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Southern crop yields are up, up and away


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Improved varieties are given much of the credit for record-breaking crop yields, but good management remains a key ingredient.

Four-hundred bushels of corn per acre in south Georgia, more than 100 bushels of soybeans per acre in Arkansas, 7,000-plus pounds of peanuts per acre throughout the Southern Peanut Belt, cotton topping 5 bales in the Mid-South …the list goes on.

Crop yields in the South are shattering records left and right, and the possibilities seem limitless. Much of the credit is going to improved varieties and rightfully so. Genetic improvements continue to occur at a dizzying pace, and producers are more than willing to test the mettle of these new hybrids in the most challenging situations.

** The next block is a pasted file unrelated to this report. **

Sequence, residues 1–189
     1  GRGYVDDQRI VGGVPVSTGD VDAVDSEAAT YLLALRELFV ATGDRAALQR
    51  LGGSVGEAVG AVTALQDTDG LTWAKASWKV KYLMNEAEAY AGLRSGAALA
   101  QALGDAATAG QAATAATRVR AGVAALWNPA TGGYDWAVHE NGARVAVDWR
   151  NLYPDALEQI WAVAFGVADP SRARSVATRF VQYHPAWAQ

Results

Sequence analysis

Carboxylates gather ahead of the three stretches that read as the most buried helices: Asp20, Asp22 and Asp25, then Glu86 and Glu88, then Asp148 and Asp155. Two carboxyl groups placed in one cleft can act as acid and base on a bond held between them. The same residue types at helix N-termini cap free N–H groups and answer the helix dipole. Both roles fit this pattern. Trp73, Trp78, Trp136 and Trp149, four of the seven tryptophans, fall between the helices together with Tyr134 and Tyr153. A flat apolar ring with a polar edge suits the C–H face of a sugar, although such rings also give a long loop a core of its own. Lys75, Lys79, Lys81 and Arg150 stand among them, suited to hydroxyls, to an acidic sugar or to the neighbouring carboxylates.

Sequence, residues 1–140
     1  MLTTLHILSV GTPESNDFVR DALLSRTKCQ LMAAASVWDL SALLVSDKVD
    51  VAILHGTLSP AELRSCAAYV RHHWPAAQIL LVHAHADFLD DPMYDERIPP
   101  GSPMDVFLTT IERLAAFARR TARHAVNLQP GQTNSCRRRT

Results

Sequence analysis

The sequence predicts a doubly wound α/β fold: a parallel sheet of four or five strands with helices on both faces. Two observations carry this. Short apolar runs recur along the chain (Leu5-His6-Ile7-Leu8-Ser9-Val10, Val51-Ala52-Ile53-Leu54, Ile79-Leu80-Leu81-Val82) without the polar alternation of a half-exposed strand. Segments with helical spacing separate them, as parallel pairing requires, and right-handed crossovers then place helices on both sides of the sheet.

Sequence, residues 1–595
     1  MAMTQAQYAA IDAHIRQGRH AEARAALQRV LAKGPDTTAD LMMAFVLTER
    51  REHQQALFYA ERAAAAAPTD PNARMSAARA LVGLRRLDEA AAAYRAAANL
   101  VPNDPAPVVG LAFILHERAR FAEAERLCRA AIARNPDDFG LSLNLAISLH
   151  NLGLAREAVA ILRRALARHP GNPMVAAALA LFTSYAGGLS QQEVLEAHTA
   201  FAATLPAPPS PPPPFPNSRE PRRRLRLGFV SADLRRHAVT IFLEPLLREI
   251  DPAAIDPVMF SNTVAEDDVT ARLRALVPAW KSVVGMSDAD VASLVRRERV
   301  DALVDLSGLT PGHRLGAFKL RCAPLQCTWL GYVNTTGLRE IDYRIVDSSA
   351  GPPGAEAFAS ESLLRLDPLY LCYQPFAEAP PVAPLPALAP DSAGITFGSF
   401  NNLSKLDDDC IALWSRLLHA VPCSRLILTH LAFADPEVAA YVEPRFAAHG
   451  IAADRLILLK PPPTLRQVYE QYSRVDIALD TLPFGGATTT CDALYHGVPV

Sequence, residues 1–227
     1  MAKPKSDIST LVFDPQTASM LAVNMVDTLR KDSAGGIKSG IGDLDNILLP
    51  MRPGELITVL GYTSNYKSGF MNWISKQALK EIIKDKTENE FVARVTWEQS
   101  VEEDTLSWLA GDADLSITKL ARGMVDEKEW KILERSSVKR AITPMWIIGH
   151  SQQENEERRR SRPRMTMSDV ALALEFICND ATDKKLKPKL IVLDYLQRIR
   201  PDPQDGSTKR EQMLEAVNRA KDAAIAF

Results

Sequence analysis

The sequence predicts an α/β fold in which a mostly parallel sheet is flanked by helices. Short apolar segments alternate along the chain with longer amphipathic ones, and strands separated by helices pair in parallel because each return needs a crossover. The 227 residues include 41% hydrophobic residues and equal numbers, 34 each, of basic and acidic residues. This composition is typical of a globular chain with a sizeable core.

Farmers in the lower Southeast got their first real taste of high yields on large scale during the 2012 growing season, when Georgia’s peanut crop smashed all records with an average yield of 4,550 pounds per acre.

Even this year, when it was feared that late planting and excessive rainfall might have a negative impact on overall yields, peanut producers in the state are expected to average just under 4,000 pounds per acre, quite an achievement when you consider how many fields were washed out by record-high rainfall amounts.

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